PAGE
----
KENYA – The country’s Ministry of Health has identified Enterotoxigenic Escherichia coli (E.coli) and Salmonella as the two culprits behind the recent adverse food poisoning cases in Mukumu Girls High School.

On April 1, 2023, the Ministry sent a national level inquiry team to assist the Kakamega County team.

“The team was further backed by a high-level visit of a multi-agency team led by the Cabinet Secretary for Health, and included the Principal Secretary for the State Department of Basic Education, the Governor of Kakamega County, Western Regional Commissioner and the County Health, Education and Security teams,” said Acting Director General for Health Patrick Amoth in a press release.

Dr Francis Kuria, the Director of Public Health in the Ministry of Health, said traces of human faecal matter had been found in samples of water collected from the school storage tanks for analysis.

“The Ministry wishes to inform the general public that this disease is likely to be a mixture of E. coli and Salmonella typhi which usually occurs if water sources are contaminated with these micro-organisms,” read the statement.

A creek next to some houses for workers across the Kakamega-Kisumu road is thought to be the cause of the contamination.

Water at the school is stored in an underground reservoir before it’s pumped to the main storage tank at school.

The construction of sewage manholes on a higher ground, a short distance from the water stream, has exposed the water to contamination, reports Nation. Manholes leak untreated sewage onto the ground.

To rule out aflatoxicosis, samples of grains and pulses were tested for aflatoxin. However, the results turned out negative.

“Laboratory tests for Viral Hemorrhagic Fevers (VHFs) including Ebola Virus Disease (EVD), Marburg Virus Disease (MVD), Leptospirosis and Crimean- Congo Hemorrhagic Fever (CCHF), Dengue Fever, Rift Valley Fever (RVF) and West Nile Virus have all turned negative.

“The Ministry is conducting further analysis on these samples to ascertain any other potential cause of this illness, and will communicate the finding of these tests,” Amoth said.

Comprehensive investigations, he said, are still being conducted, but data analysis to date has shown that the ailment appears to have started on March 1, 2023.

According to the DG, 19 students are currently under treatment in seven hospitals around the nation, and as of April 14 there had been 627 individuals admitted with illnesses. He said those admitted are in a stable condition.

Thus far, four students have succumbed to the infections, with the latest fatality being that of the school’s boarding mistress.

“We at the Ministry of Health send our heartfelt condolences to the families who have lost their loved ones,” Amoth said.

The Ministry urged the public to practice good personal hygiene by washing their hands with soap and running water, treating or boiling any water used for drinking and cooking, and other practices.

It also reminded them to thoroughly cook all food and consume it while it is still hot, as well as to use the toilet to appropriately dispose of human waste.

“We appeal to the public to be vigilant, and requests that anyone experiencing fever, abdominal pains/cramps, diarrhea and vomiting to seek immediate treatment at the nearest health facility for assessment and prompt management,” the DG concluded.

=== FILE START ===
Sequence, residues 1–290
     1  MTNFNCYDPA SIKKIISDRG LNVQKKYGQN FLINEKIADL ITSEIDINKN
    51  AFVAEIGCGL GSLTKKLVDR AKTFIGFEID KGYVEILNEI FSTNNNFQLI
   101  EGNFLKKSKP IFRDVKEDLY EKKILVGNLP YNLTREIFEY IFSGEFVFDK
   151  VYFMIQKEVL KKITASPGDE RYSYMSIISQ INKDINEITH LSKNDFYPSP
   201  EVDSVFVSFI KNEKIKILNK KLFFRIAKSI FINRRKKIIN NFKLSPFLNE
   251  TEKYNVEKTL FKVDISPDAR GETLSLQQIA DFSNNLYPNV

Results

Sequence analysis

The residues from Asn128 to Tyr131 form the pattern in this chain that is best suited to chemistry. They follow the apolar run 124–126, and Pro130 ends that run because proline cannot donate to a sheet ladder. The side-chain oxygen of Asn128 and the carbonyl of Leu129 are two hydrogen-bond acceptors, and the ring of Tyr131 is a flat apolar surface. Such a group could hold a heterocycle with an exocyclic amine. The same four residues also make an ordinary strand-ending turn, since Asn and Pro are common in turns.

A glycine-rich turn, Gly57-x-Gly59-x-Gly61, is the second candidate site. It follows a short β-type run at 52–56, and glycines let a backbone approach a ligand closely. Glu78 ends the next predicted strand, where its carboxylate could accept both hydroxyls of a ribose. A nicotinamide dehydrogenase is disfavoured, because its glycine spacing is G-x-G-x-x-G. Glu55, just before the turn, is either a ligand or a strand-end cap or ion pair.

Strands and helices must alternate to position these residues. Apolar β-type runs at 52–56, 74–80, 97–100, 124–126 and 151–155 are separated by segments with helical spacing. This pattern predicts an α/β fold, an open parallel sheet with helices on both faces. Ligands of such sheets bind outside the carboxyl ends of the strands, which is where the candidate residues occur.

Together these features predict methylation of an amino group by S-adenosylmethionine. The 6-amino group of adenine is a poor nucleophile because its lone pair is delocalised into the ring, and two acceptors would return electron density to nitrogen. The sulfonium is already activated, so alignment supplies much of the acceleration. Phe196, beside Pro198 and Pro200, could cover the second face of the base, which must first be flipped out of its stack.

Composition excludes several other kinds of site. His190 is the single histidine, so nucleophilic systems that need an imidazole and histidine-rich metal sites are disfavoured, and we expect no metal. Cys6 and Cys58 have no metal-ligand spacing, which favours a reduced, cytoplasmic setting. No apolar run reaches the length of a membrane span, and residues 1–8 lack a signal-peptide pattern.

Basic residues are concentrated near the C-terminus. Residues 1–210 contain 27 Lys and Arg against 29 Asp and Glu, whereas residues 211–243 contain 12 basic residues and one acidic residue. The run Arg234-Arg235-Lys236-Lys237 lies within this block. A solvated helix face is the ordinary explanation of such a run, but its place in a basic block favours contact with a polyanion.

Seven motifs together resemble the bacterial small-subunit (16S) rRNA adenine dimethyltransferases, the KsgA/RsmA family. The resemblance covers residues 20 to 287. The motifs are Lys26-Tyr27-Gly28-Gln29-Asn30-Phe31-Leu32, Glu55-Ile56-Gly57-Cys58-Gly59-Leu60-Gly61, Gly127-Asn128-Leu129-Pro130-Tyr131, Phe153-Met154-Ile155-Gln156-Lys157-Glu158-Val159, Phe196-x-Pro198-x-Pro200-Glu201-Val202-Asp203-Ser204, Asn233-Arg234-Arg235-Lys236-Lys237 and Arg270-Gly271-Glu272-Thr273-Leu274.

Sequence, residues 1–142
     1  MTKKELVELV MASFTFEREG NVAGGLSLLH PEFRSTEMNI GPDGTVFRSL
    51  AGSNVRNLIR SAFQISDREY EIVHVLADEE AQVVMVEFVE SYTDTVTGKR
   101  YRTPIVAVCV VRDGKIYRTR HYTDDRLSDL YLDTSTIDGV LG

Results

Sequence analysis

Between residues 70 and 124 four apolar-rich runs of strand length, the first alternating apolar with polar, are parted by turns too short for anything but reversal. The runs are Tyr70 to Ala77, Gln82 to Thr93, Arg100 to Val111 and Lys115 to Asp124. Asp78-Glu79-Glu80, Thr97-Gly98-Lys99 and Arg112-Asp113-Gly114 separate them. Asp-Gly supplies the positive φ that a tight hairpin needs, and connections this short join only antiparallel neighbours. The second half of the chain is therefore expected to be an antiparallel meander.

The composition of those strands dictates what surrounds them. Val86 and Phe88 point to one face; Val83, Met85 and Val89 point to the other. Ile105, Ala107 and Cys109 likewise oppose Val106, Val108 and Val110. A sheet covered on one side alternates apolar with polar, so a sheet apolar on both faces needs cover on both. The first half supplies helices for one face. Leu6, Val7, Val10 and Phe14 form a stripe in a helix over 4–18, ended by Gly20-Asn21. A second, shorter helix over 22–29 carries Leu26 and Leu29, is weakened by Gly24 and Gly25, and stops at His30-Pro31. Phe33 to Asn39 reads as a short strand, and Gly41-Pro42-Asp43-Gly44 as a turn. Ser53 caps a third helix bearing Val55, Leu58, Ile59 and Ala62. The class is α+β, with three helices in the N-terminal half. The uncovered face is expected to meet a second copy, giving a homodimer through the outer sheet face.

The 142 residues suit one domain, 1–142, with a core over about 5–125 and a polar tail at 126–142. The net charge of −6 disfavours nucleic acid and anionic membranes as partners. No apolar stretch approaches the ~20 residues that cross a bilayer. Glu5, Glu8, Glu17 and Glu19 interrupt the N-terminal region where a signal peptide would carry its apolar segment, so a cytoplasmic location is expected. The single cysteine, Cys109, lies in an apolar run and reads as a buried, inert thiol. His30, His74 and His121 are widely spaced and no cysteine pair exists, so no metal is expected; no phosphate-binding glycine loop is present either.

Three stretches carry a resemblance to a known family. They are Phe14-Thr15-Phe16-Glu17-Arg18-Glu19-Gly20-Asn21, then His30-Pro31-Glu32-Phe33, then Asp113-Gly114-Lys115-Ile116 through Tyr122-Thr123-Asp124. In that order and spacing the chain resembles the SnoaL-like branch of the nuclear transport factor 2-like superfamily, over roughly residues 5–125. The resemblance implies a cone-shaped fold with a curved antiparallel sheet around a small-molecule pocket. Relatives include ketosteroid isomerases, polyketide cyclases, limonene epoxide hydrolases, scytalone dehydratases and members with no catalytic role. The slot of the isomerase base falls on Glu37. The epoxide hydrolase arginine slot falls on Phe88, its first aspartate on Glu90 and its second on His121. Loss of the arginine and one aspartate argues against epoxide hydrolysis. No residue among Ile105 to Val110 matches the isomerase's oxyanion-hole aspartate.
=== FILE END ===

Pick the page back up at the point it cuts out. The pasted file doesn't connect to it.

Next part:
Education Cabinet Secretary Ezekiel Machogu revealed that his Ministry had allocated Sh6 million (U.S$ 44,559) for the installation of a water purifier at the school and the drilling of a new borehole.

Mukumu Girls had earlier been shut down to allow room for investigations. This was later followed by a similar outbreak in Butere boys, also leading to closure. Mukuuni Boys’ in Tharaka Nithi County is the most recent of the closures after students exhibited cholera-like symptoms.

More than 40 students who were experiencing stomach pain, diarrhea, and vomiting were taken to Chuka County Reference Hospital and Chuka Nursing Home.

The school administration fears that the institution’s water supply may be contaminated by hazardous materials due to an ongoing road construction project nearby.

E.coli/Samonella infections

E. coli is a bacteria commonly found in the lower intestine of warm-blooded organisms that can cause food poisoning.

The symptoms of E. coli infections include severe stomach cramps and diarrhea, which is often bloody but often varies for each person. Some patients may also have a fever.

Most patients recover within five to seven days. Others can develop severe or life-threatening symptoms and complications, according to the Centers for Disease Control and Prevention (CDC).

About 5 to 10 percent of those diagnosed with E. coli infections develop a potentially life-threatening kidney failure complication, known as a hemolytic uremic syndrome (HUS). Symptoms of HUS include fever, abdominal pain, feeling very tired, decreased frequency of urination, small unexplained bruises or bleeding, and pallor.

Many people with HUS recover within a few weeks, but some suffer permanent injuries or death. This condition can occur among people of any age but is most common in children younger than five years old because of their immature immune systems, older adults because of deteriorating immune systems, and people with compromised immune systems such as cancer patients.

Salmonella enterica typhi is a gram-negative bacterium that is responsible for typhoid fever.

It can cause serious food poisoning, with symptoms including vomiting, diarrhoea, stomach cramps and a fever. Symptoms usually start 6 hours to 6 days after infection with a recovery period of 4 to 7 days without antibiotic treatment for mild cases.

The CDC estimates that Salmonella bacteria cause approximately 1.35 million human infections and 26,500 hospitalizations in the United States every year.

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